This article is part of an ongoing series to highlight and promote the technician career — demonstrating to kids, parents, and teachers how becoming a technician is a rewarding career path that can be lucrative and open the door to many opportunities within the industry. Are you a technician who would like to be spotlighted? Sign up!
Technician Spotlight: Tracey H.
Name: Tracey H.
Location: Frederick, MD
Job Title: Automotive Instructor
Industry Experience: 12 years as a technician, and 5 years as an instructor
How did you get started in the automotive industry?
I grew up racing go-karts with my dad. My interest in cars didn’t start until my teenage years, and I decided to take an automotive class my senior year of high school. A rep from UTI came into my class, talked about the school, and I was interested. I signed up, went to UTI in Chicago, and took their automotive program.
After I graduated, I worked at BMW with a shop foreman for several months and really loved it. Eventually, I had my own team of five students working under me. I wanted to get out of the dealership and see where I could go, so I decided to leave BMW and go work at an independent shop. We really struggled during that time because of the 2008 recession. I moved through a couple different shops, working at a few dealers closer to home with Kia, GM, and Hyundai. I spent a few years learning different cars, brands, and growing my skill set. Then, I went to Nissan because they gave me a chance to be an assistant service manager. This was where my path as a technician officially ended. I saw the high school I went to had an automotive instructor who was about to retire. I applied, got hired, and now I am an automotive technician instructor at the same high school I graduated from.
What would you say to someone who is trying to decide if this is a good career choice?
Anytime you’re trying to get somebody into your industry, you have to make them love it first. Even in college, they try to cram it down your throat before you love it, and that’s backwards. You need to enjoy it, then you’ll naturally learn because you’re excited about it.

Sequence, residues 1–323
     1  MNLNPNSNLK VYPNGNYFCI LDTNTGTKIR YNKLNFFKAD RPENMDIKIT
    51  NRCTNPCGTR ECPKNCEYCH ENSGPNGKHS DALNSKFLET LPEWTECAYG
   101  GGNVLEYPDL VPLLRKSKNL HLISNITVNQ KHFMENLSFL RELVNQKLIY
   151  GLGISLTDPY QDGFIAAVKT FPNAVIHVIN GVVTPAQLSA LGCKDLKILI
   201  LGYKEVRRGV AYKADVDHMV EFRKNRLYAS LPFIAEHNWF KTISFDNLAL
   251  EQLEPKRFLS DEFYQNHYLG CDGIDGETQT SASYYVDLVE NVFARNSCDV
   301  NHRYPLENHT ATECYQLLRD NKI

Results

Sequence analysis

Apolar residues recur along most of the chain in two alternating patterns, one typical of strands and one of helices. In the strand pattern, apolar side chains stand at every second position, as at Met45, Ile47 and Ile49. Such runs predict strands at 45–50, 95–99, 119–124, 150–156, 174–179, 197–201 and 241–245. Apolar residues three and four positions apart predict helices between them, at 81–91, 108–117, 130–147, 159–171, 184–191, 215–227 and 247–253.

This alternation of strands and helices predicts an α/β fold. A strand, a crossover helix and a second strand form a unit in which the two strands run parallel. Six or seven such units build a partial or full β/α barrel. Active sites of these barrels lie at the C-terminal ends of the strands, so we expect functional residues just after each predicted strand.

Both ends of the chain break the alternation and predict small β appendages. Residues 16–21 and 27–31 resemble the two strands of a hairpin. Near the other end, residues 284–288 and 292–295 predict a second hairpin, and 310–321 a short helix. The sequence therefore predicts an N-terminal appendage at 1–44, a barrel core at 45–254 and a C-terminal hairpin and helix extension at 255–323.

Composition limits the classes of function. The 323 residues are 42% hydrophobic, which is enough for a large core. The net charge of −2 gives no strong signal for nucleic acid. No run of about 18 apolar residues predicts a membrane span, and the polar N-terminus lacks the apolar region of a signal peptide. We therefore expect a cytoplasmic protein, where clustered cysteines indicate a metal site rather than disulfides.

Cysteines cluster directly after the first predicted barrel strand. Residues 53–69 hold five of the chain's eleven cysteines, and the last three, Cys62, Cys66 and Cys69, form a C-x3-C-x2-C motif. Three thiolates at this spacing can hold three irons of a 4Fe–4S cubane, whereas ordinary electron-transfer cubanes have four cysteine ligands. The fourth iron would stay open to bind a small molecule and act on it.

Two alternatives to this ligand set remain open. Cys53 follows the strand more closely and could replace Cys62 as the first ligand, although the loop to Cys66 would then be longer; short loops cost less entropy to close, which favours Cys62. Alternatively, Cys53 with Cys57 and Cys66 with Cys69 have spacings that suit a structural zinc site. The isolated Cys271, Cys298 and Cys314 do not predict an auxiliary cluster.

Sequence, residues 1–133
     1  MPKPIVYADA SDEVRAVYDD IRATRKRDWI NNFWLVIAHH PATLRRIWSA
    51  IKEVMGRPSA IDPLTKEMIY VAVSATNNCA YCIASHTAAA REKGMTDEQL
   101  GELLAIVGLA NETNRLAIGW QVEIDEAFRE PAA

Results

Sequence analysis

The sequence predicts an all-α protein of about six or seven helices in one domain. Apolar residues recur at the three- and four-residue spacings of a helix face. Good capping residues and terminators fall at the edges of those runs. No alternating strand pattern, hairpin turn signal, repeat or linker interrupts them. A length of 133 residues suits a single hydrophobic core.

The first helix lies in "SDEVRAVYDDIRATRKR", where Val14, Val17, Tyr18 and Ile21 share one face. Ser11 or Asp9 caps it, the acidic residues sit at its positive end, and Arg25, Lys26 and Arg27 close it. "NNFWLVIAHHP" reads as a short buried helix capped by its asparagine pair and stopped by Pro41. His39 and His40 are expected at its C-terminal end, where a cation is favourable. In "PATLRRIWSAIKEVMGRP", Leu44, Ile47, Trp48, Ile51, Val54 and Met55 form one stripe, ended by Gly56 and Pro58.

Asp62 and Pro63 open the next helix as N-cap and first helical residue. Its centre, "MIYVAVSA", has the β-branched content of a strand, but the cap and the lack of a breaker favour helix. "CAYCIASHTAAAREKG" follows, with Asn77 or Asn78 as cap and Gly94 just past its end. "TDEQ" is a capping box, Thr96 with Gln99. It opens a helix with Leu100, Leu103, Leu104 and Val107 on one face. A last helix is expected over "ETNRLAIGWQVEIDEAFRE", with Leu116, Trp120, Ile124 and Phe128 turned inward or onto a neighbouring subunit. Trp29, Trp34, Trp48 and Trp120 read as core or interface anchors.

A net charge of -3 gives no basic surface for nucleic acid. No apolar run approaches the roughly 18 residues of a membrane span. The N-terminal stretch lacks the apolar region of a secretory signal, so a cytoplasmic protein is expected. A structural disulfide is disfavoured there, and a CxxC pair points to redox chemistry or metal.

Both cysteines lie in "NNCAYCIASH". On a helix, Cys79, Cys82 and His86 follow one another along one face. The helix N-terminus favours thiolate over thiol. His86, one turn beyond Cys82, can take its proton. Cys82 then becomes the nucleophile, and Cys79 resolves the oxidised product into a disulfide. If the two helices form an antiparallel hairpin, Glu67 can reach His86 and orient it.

Also, try to find out if your high school has an automotive program, because that was so huge for me in finding my path and getting into a good program. Talk with your guidance counselors and see the options out there.
Lastly, there is so much variety, different types of cars, and different places you can work. The satisfaction of when you fix something is a feeling you can’t always get from other jobs. Being able to work on something broken, and fix it is very satisfying at any age. The automotive industry is changing so much and only changing faster. It’s exciting — you don’t necessarily know where the future of the industry could take you. When you work in this industry, you can make money and live comfortably.
If you knew a kid that wanted to go into the industry, but his parents or teachers were telling them to go into a 4 year college, what would you tell the parents?
I don’t want to say not to go to college, but it is very evident there are not enough jobs out there for the kids who are pushing through college. The dropout rate in college is really high. Even if they graduate, there are not enough jobs for how many students there are. The demand for technicians is high, and the supply is low. If you’re a good employee, you’ll always have a job. We get a lot of students who aren’t interested in going to college, and it’s not fair to push them or look down on them if they don’t want to go.
What can the shops do better to promote the industry?
The industry needs to step outside of the box and see what other industries are doing for employment and retaining employees. The job market is so competitive right now. You can get a job anywhere. You have to make your job appealing. It is hard work, but can also be very rewarding. We hear from shops who need new technicians, but all they do is send an email. They don’t come speak with the students, give them materials, or offer a shop tour. The people who left, left because there was no pride or value in them staying.
Overall do you believe the school systems do a good job highlighting the automotive industry as a good career choice?
The school systems need to be better at letting students know this is an option. When I was in school, they had everyone take a test to see what your strengths are. I tested really well in hands-on learning. Right there they should have given me career options highlighting my skill sets. Instead, they didn’t do anything with it, probably just put it in a folder. I was the one who signed myself up for the automotive program. I’m sure there are a lot of kids who fall in the same boat, but don’t have anyone to help guide them on the path.
What can schools do better to highlight the industry?
There needs to be more options for students who are hands-on learners. There is a big divide in our school systems. You’re either college ready or career ready, and they make you pick one. There should be something to identify the strengths of the students, and customize their path to enrich those skill sets. This would help students be successful in and out of school.